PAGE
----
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Default Re: Ants for Darts

I actually have an ant problem in my house. These small ants, not sure on species, but they look like the ones everyone sees in driveways are a constant fixture. They like to go into my gecko tanks and eat the gecko food.

In the gecko sometimes they come in in fairly large and worrying numbers but they have never stressed a gecko to death.

Interestingly I never see them in the gecko tanks that also have frogs.
I am pretty sure if they wander into the tanks the frogs are eating them.
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Old 08-14-2019, 06:51 PM
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Default Re: Ants for Darts

Ravage, I see your points. I could be interpreted as some sort of Cartesian-era vivsectionist based on what I wrote up there.

These two quotes help to illustrate what my thoughts are:

Quote:
Originally Posted by RachelGardner View Post
Could you go your whole life on chicken and cheese burgers and a multivitamin? Okay yes you could but would you enjoy it?
Quote:
Originally Posted by Ravage View Post
Dopamine is the pleasure (joy) chemical. Unless you have some reason to believe it would react differently in their brains than ours, there must be some reaction akin to joy in there.

I don't deny that whatever feeling dopamine causes in humans, it causes in frogs, if that system is relevantly similar in both animals. That's simple logic. But the OP was making a comparison between, on one hand, an entire life with only two food items, and on the other (by implication), the rich and complex range of food choices that humans like us are privileged to have.

Would a human get a burst of basic feeding-behavior-motivating-pleasure from only cheeseburgers and chicken? I think so; I've met people with diets nearly as simple, and they look to have no problem motivating feeding behavior. Same with frogs -- Repashy on melanogaster, day in and day out, they keep eating, to obesity if I let them. Same neurotransmitter burst, same gluttony.

Now, 'enjoyment'. I'm enjoying a cup of coffee now (rather than simply consuming it because of the stimulation it causes, or some other reductive explanation). Enjoying it involves more -- it involves the feel of the cup in my hand (I enjoy coffee much less from a paper cup). It sometimes, like now, involves the pleasant, long-practiced, association of typing and drinking coffee. Occasionally, I am rewarded by a distinct remembrance of the cup of Turkish coffee I drank in Las Vegas, shortly after becoming engaged to my now-wife almost twenty years ago. And on and on -- the ways in which we enjoy simple activities are as numerous as are people.

This is, I think, what frogs don't experience. I also think this is what the OP was implying the frogs are missing out on if we don't vary their diet; the OP certainly didn't imply that the frogs were missing out on the 'dopamine-pleasure-qualia', whatever that feels like exactly.

Enjoyment, such as the enjoyment that comes from a varied diet, is an intellectual activity. The reason I enjoy listening to death metal and someone else instead enjoys petting cats isn't helpfully illustrated by reference to differences in neurotransmitter function. Those differences in enjoyment primarily have to do how a person's thoughts have been shaped by personal history, social history, cultural norms, and all sorts of things that are distinctly (if not uniquely) human.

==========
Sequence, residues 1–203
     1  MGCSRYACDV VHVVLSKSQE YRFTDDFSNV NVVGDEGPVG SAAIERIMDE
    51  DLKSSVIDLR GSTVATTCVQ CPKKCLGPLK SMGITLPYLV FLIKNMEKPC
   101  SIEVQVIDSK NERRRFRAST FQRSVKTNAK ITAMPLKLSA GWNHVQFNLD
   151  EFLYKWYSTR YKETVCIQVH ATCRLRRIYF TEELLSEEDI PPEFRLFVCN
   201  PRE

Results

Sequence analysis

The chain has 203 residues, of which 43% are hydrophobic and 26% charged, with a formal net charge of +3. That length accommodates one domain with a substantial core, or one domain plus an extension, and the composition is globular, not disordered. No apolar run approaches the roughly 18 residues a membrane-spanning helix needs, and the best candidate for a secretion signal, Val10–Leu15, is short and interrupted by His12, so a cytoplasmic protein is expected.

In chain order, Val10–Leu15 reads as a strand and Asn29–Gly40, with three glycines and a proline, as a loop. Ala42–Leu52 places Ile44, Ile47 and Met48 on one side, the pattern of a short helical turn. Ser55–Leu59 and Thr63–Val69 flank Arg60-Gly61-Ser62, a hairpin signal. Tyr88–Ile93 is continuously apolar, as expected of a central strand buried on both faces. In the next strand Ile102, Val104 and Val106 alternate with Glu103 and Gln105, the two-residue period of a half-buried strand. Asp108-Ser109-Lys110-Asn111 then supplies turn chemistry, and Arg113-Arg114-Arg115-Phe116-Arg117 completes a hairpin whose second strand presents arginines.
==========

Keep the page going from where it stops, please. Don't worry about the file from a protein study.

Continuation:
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Unread Yesterday, 12:48 AM
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Default Re: Ants for Darts

Hi Rachel,
All carpenter ants and many (or all?) Tetramorium have formic acid. Many (or most?) insect loving animals won't eat them. If you squish an ant with your finger and then smell your finger, it is putrid.

We have a few hobby ant colonies, and I wouldn't feed them to the frogs, because I'm pretty certain they won't eat them. I have insect-loving finches, and they won't touch ants (or ladybugs). Most ants contain some type of acid, so that frogs and birds won't touch them. Many ants can also bite and are fearless, so they could hurt your little frogs.
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Unread Yesterday, 04:10 PM
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Default Re: Ants for Darts

The ants that invade my vivariums sometimes are absolutely vicious. I have seen a single ant trying to attack hydei many times. In ant numbers they could easily kill a frog.
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Unread Yesterday, 06:51 PM
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Default Re: Ants for Darts

The big thing here is the lack of utilizing premium superfine dusted supplements for prey insects.

Calcium, vitamin package, vitamin A - all must be used with tremendous frequency - in other words, every prey item should be introduced dusted with some form of supplement.

My exceptions are some occasional springtail feedings, and 2 or so termite feedings a year that I use to fatten up my females pre breeding.

Ants and Aphids....just not practical. Some think that bioactive substrate is going to produce food and result in healthy frogs all by itself. It will not.

Is culturing FF and dealing with jars and cups and maggots and the occasional weird smell required for this hobby. Yes. Yes it is.
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Unread Today, 02:23 AM
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Default Re: Ants for Darts

Termites are rich but unsaturated fatty acids dominate lipid composition and proteins could rival the beautiful protein profile of flies.

I cant help but think the reputation as a destructive pest by some of its members has been a block to more extensive culturing models.

Humid neotropical habitat hosts the most termite species diversity, I cant imagine there arent excellent candidates for clean, easy culture that would pose little risk of household survival due to temperature, moisture requirements and propensity to desiccate apart from situ.
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Unread Today, 03:33 AM
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Default Re: Ants for Darts

termites cannot be effectively supplemented with superfine powders. There *can* be some debate on this as well as breeding them, but in terms of ease of culture and availability, they pale in comparison to the FF for our hobby purposes.

I saw Brian Kubicki take a fishnet and catch 'wild' fruit flies that were eating leftover pineapples that a kinkajou ravaged and there were what seemed like 50 different types of fruit flies and other 'flies' in the net. Take a handful of leaf litter and soil from the jungle and it's teeming with small 'bugs. We will never get anywhere close to that in our hobby.

we must use quality superfine dusting supplements, and the best prey insect to dust, by far, is the fruit fly.
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Default Re: Ants for Darts

I like to keep an open mind. In case things are dimensional.